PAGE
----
Friday, 13 May 2011
Mr. Black is careful to cite all of his sources, compiling research put together over several years with the help of people in several countries. Each chapter deals with a different issue of eugenics, introducing the players pertinent to that aspect (whether it was sterilization, marriage laws to prevent whites from mingling their blood with 'undesirables', so called intelligence tests (IQ tests), and more. Later chapters become a bit tedious as he reminds you of people and things brought up in earlier chapters, but the background information is always necessary going forward.
He traces the connection between American eugenicists and their European counterparts, going so far as to show their support for, and correspondence with, Nazi doctors.
It's truly terrifying how people justified their racism and called it 'science'. It's even more scary to find yourself agreeing, not with their means, but on rare occasions with their reasoning. I can understand their wanting to prevent hereditary diseases from being passed on. I don't think sterilizing the individual AND THEIR ENTIRE EXTENDED FAMILY is an appropriate way of achieving this goal. Especially when 'hereditary diseases' involves blindness caused by any means (including accidents in adulthood), which was one of their campaigns.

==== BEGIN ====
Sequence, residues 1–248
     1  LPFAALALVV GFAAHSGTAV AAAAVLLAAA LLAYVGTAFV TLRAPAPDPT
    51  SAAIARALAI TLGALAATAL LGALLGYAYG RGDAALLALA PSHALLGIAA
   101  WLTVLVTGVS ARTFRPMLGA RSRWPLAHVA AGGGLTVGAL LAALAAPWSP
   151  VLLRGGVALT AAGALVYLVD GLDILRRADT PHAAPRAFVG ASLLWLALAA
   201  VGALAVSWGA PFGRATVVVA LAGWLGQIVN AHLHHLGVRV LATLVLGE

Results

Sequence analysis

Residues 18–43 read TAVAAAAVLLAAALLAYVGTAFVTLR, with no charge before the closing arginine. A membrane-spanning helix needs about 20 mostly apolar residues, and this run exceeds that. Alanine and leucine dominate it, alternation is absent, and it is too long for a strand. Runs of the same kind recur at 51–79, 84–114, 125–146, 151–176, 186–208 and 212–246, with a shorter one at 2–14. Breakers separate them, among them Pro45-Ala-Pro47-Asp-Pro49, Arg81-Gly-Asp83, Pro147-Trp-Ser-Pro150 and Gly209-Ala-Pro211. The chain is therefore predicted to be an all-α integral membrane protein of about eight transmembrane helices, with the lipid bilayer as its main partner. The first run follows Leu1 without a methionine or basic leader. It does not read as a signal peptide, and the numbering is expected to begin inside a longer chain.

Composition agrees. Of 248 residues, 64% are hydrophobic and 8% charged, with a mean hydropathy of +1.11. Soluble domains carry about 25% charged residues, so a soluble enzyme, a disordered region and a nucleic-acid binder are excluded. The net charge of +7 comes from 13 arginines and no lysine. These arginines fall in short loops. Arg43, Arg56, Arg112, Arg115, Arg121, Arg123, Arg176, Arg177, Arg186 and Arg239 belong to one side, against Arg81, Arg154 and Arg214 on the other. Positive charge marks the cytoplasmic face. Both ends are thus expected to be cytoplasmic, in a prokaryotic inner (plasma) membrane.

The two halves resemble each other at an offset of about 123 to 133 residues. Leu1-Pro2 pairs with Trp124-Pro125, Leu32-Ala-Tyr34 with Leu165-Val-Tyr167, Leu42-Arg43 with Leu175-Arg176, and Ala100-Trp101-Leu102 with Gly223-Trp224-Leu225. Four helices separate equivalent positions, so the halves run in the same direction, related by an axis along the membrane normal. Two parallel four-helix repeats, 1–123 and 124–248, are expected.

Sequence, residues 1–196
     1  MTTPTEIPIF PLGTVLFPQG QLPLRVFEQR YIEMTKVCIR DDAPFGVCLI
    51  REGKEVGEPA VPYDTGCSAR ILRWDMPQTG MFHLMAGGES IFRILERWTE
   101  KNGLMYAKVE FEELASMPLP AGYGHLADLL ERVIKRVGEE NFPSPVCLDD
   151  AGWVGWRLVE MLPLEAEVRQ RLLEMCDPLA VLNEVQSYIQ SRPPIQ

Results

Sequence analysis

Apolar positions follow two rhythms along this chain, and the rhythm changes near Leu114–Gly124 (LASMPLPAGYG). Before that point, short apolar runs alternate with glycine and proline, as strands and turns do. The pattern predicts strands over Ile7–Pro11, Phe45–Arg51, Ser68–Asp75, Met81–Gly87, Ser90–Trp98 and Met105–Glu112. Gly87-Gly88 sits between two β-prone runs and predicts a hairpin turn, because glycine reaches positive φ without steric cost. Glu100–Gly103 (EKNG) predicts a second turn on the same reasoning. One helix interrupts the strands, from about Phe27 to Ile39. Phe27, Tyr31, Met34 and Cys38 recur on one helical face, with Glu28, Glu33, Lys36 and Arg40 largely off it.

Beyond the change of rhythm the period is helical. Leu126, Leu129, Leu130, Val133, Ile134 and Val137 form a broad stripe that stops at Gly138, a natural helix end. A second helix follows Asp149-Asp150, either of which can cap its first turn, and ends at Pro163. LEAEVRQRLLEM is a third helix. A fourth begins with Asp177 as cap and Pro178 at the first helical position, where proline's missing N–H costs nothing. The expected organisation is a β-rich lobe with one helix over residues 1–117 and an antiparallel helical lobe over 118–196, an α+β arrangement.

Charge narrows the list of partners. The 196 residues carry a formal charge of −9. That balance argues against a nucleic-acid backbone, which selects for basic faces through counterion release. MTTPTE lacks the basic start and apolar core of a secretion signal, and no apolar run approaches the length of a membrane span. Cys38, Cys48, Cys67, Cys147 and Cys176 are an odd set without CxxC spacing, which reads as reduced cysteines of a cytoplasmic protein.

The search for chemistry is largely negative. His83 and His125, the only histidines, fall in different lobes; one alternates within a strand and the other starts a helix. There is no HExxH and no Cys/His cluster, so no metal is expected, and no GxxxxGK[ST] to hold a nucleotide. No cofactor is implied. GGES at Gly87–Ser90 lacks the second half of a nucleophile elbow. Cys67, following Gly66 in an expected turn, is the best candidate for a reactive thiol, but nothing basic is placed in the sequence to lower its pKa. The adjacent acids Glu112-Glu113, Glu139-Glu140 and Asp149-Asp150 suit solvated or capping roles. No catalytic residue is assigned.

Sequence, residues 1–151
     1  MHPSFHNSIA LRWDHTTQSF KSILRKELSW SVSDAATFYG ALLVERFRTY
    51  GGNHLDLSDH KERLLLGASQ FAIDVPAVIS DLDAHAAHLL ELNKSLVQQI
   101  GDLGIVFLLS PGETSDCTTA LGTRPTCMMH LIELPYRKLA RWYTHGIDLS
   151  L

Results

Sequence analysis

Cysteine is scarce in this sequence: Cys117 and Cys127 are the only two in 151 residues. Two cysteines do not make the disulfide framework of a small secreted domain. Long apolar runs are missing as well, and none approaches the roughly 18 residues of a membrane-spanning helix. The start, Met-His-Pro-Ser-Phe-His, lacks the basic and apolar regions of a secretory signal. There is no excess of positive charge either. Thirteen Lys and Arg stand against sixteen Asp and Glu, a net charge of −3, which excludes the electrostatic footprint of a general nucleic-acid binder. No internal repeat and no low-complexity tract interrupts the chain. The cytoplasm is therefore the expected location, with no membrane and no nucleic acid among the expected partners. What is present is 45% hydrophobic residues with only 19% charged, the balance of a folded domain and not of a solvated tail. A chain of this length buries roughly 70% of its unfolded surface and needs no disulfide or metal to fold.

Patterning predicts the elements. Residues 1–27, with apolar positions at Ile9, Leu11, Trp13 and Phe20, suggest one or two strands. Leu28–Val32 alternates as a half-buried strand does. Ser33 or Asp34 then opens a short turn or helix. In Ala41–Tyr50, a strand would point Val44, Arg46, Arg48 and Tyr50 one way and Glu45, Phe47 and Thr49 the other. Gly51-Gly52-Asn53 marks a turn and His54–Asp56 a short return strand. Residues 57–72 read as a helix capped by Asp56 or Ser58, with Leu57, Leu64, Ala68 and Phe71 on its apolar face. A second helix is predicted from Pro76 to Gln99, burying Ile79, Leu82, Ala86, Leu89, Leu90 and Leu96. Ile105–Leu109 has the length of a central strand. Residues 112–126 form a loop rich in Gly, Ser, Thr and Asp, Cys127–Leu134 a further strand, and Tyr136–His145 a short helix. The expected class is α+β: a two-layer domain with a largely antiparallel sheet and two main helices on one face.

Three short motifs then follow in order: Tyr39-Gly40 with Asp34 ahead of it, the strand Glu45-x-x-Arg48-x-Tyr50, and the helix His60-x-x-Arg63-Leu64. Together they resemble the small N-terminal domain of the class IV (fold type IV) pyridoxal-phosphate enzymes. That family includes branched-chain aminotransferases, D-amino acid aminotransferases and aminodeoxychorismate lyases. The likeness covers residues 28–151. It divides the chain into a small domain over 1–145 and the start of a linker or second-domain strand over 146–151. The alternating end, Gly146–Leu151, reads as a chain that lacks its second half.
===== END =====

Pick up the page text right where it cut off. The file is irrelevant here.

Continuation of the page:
The ending of the book is quite bleak and cautioned against the possibility of using genetics (the modern and more accurate science eugenics morphed into) as a means of discrimination in the future. I would never want to live in the world depicted in the movie Gattica, where your genes, and the possibility that you might not succeed determines that you're never given the chance to try. According to this book, that may in fact be the future we're heading for.